A lot has happened since Game of Thrones wrapped and left just about no one happy. The series fell out of the zeitgeist with astonishing speed as general disappointment and a months-long pandemic teamed up to make the end of the series feel like eons ago. But our deep-down muscle memory still makes us perk up at new theories and Game of Thrones news, a holdover from the time when the George R.R. Martin series was basically all of television and most of the internet. So, when Emilia Clarke revealed that she has a theory about where Drogon went after melting the Iron Throne, we can't help but be a little bit interested.
The actress who played Daenerys Targaryen produced a particularly morbid ending for her character, much bleaker than the fan assumption that her dragon carried her back to her ruined ancestral homeland of Old Valyria. TVLine shared a few tidbits from James Hibberd's series-chronicling book Fire Cannot Kill a Dragon: Game of Thrones and the Official Untold Story of the Epic Series, including Clarke's seasonally appropriate spooky take on Daenerys and Drogon's fate.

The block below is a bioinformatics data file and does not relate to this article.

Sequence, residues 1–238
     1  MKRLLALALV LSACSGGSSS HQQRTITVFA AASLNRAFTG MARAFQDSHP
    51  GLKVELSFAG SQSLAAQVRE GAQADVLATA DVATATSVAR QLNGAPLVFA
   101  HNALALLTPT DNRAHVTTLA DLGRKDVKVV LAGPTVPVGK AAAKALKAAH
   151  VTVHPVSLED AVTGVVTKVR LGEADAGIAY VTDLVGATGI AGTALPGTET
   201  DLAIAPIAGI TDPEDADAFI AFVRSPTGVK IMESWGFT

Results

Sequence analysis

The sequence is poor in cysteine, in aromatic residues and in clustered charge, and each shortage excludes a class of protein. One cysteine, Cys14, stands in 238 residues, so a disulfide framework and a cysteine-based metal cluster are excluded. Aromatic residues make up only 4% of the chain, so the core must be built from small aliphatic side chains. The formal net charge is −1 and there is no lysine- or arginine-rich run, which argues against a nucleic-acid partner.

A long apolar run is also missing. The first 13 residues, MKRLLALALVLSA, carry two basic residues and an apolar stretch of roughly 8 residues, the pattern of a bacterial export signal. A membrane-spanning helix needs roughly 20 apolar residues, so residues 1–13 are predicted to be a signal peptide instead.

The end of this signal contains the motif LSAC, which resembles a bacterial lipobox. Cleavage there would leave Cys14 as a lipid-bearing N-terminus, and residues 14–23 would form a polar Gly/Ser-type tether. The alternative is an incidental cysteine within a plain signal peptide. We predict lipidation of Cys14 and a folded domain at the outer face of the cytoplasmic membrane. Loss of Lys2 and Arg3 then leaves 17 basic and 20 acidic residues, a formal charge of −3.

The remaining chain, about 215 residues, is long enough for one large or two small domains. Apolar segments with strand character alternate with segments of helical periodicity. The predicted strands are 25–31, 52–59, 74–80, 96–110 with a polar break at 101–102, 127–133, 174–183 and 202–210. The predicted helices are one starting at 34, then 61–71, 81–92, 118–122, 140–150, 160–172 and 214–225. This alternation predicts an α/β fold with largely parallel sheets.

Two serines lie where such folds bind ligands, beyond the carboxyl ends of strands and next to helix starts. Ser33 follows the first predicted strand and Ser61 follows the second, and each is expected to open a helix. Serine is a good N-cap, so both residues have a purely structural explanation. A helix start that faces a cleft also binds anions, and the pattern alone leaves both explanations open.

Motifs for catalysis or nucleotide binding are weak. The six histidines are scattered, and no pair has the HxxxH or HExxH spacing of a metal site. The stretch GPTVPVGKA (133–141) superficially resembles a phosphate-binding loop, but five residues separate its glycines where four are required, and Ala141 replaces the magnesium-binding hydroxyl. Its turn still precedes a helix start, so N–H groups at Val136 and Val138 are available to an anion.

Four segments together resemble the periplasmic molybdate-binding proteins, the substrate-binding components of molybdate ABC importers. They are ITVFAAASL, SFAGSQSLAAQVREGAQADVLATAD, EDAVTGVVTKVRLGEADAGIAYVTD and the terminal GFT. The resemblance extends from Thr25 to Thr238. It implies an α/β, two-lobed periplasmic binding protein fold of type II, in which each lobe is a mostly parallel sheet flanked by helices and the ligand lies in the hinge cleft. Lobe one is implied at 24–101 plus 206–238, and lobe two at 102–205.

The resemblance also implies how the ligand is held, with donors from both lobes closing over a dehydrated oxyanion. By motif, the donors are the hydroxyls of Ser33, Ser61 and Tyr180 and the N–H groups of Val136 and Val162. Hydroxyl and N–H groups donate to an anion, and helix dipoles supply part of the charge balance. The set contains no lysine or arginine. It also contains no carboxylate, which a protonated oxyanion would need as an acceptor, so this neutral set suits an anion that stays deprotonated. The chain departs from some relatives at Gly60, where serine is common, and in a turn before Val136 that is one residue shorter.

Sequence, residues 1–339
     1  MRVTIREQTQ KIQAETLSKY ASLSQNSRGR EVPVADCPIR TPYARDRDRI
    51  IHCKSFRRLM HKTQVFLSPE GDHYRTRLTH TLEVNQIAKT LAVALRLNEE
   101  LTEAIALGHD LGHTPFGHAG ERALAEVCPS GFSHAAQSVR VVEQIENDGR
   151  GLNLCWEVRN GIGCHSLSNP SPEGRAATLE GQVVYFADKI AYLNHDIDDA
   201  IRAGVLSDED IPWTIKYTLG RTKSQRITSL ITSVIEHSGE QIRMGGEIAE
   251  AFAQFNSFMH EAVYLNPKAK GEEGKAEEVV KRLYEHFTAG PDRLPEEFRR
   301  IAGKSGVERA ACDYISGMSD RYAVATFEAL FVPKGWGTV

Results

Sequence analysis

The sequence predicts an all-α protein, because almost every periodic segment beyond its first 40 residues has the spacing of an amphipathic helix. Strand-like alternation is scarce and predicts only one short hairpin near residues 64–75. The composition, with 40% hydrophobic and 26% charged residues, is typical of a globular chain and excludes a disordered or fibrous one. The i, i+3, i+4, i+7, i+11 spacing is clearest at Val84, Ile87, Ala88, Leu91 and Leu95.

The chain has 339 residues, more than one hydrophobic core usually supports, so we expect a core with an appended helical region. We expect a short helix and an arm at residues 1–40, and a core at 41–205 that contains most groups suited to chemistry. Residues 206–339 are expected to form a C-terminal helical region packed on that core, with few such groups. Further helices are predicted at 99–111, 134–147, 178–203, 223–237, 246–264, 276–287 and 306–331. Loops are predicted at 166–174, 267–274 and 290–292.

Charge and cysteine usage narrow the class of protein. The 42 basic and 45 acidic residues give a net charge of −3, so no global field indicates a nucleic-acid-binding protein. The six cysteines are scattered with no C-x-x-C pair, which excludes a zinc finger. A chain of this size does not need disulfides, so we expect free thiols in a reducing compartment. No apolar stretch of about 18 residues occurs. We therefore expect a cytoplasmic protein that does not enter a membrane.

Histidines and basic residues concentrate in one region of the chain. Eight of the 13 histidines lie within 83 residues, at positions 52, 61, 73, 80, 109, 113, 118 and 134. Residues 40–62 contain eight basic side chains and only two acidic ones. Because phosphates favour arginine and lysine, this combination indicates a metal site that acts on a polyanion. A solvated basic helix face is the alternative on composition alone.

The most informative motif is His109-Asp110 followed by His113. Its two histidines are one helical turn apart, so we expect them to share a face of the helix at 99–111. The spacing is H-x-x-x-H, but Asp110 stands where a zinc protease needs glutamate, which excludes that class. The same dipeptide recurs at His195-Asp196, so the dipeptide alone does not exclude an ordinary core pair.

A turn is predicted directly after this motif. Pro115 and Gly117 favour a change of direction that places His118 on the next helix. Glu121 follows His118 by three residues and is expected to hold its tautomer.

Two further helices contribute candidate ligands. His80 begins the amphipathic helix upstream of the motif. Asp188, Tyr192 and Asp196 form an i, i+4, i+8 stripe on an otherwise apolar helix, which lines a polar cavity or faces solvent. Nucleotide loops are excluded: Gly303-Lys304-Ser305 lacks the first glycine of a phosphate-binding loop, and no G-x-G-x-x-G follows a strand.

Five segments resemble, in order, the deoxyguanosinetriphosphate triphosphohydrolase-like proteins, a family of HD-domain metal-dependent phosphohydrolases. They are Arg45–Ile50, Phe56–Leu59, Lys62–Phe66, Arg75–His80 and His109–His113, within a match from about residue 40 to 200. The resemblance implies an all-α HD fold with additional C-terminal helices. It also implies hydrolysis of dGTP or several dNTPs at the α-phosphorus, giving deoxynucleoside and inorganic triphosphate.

“I think he flies around with her body until it decomposes. I literally think he keeps flying until he can’t fly anymore,” she said, in one of the revelations from the book. “He just keeps grieving.”
Her latest take echoes one that she shared last November. After joking that he flew off to Hawaii, she said she thinks the motherless dragon is "roaming the seas, crying." The decomposing Daenerys came later.
Clarke doesn't seem put off by gore, meaning she likely wasn't involved in a particularly gruesome scene from the series' first episode. A dead direwolf and stag are found, foreshadowing the downfall of King Robert Baratheon and House Stark, but the deer on set was far from metaphorical. The show used an actual decomposing animal for the shot, leading many among the cast and crew to lose their lunch.
“I’ve still never smelled anything so terrible, and I wasn’t even anywhere near it,” producer Bryan Cogman shared. “I was across the meadow in a producer’s tent. Just thinking about it, I can smell it right now.”